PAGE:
How to Get Into Gymnastics as an Adult
With elite gymnasts often competing in their teens and retiring in their 20s, gymnastics may seem like a sport for the youthful, but it’s really for everyone. If you enter gymnastics as an adult, you likely will not progress as far as you would have if you entered as a child, but you can still improve your strength, flexibility, balance and stamina. Depending on your focus, you can choose a traditional program that includes all the events or a tumbling program that only uses the floor and trampoline. USA Gymnastics, the national governing body of the sport, even has a division for seniors ages 50 and older.
Look for adult classes offered at gymnastics gyms, parks and recreation programs, university programs or even at the YMCA. Generally these classes are for beginners ages 16 or 18 and up.
Ask gymnastics gyms if they participate in the USA Gymnastics program "Gymnastics for All," a gymnastics program tailored to either children or adults, which promotes group gymnastics. As its name suggests, this gymnastics discipline is for all ages. Gymnastics for All includes a non-competitive program for performance as well as a competitive version where gymnasts compete in group floor exercises and group jumps.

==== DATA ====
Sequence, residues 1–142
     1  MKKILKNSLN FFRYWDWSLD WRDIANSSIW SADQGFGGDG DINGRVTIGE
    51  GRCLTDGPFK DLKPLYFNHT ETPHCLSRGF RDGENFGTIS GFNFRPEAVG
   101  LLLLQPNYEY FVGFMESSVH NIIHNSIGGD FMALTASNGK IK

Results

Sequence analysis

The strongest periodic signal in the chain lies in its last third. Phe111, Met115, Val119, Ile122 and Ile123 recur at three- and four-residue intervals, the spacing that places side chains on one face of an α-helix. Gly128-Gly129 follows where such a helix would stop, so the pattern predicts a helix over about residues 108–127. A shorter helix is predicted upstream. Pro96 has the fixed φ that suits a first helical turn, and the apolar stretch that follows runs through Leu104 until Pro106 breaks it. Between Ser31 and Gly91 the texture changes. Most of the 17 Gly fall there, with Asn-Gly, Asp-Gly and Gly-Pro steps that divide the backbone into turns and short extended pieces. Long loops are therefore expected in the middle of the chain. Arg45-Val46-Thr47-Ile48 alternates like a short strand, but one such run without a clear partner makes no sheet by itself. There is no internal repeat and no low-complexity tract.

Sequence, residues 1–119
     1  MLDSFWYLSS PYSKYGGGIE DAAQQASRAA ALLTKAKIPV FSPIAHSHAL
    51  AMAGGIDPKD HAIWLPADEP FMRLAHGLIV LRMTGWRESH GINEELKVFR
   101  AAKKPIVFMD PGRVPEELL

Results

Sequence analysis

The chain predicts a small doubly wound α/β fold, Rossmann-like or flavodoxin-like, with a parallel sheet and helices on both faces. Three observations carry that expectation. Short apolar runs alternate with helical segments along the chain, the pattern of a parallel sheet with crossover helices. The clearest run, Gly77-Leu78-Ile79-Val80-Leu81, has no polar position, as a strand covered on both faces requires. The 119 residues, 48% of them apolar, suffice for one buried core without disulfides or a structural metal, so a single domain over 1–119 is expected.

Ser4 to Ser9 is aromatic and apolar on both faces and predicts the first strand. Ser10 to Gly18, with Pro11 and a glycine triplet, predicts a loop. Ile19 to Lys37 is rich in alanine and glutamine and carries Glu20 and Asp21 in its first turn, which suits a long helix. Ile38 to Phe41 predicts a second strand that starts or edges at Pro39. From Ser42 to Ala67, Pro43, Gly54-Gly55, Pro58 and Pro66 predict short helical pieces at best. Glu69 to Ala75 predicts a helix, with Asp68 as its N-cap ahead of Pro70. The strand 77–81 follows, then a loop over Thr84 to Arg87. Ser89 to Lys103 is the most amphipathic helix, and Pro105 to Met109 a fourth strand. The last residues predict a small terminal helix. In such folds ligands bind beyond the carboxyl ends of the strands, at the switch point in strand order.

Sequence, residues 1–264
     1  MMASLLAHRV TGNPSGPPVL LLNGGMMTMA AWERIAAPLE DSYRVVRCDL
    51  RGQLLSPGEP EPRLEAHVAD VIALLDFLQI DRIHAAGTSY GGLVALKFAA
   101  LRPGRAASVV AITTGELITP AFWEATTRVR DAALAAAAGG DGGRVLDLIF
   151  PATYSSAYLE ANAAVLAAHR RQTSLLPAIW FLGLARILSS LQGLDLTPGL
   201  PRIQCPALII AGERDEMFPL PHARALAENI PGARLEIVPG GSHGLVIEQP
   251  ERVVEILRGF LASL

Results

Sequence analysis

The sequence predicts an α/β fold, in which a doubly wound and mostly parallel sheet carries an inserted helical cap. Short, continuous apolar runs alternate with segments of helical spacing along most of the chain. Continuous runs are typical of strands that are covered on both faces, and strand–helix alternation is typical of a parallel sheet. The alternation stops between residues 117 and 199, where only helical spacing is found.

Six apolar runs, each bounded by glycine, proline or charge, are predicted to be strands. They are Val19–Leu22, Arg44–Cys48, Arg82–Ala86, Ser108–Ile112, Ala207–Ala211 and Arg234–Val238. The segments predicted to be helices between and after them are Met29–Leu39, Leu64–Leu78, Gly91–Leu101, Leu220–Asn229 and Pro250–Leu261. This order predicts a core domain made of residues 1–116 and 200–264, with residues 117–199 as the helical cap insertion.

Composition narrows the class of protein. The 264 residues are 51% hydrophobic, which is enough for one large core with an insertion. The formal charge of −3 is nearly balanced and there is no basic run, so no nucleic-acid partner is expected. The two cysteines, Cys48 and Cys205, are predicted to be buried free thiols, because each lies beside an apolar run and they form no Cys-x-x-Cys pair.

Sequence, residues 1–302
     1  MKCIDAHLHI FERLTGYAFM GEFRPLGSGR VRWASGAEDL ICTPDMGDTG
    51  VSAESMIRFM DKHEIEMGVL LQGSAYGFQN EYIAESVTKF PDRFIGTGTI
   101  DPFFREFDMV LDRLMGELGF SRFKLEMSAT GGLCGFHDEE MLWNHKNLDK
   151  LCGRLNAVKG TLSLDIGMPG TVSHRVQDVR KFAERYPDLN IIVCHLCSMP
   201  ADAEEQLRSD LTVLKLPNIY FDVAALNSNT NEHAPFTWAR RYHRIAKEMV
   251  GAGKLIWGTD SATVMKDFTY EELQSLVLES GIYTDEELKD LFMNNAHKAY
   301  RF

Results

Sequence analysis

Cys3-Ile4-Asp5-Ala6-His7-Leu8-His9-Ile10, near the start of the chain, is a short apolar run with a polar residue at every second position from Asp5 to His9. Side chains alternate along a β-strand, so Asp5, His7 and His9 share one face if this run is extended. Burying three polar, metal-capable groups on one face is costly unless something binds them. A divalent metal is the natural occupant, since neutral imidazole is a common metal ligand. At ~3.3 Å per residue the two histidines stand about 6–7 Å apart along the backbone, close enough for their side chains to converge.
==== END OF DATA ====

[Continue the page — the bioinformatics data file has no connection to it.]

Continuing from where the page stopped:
Test for a class above beginner level if you’ve had previous gymnastics experience.
Strength train at home or at your gym with weights, weight machines or resistance bands. In gymnastics, it’s important to keep your body proportional, so don’t overdo it on one area, unless you are particularly weak in that area. Practice strengthening exercises such as the supermans and V-ups.
Stretch daily to become more flexible. You can even do this in front of your TV -- working on your splits and your bridge, for example -- once an instructor has taught you how to do these skills with the correct form.
Participate in open gym on the weekends once you’ve learned the basic gymnastics skills and have your coach’s approval. Open gym allows you to work on your trouble areas independently for an inexpensive one-day fee.
Always warm up before beginning gymnastics. Warm muscles are more flexible.
Do not try to learn gymnastics on your own. Not only do you run the risk of injury, but you will also learn bad habits. You need a coach to instruct and correct you on the proper form from how to begin a lunge for a cartwheel to how to keep your hips squared for the splits.
Ivy Morris specializes in health, fitness, beauty, fashion and music. Her work has appeared in "Sacramento News and Review," "Prosper Magazine" and "Sacramento Parent Magazine," among other publications. Morris also writes for medical offices and legal practices. She holds a Bachelor of Arts in government-journalism from Sacramento State University.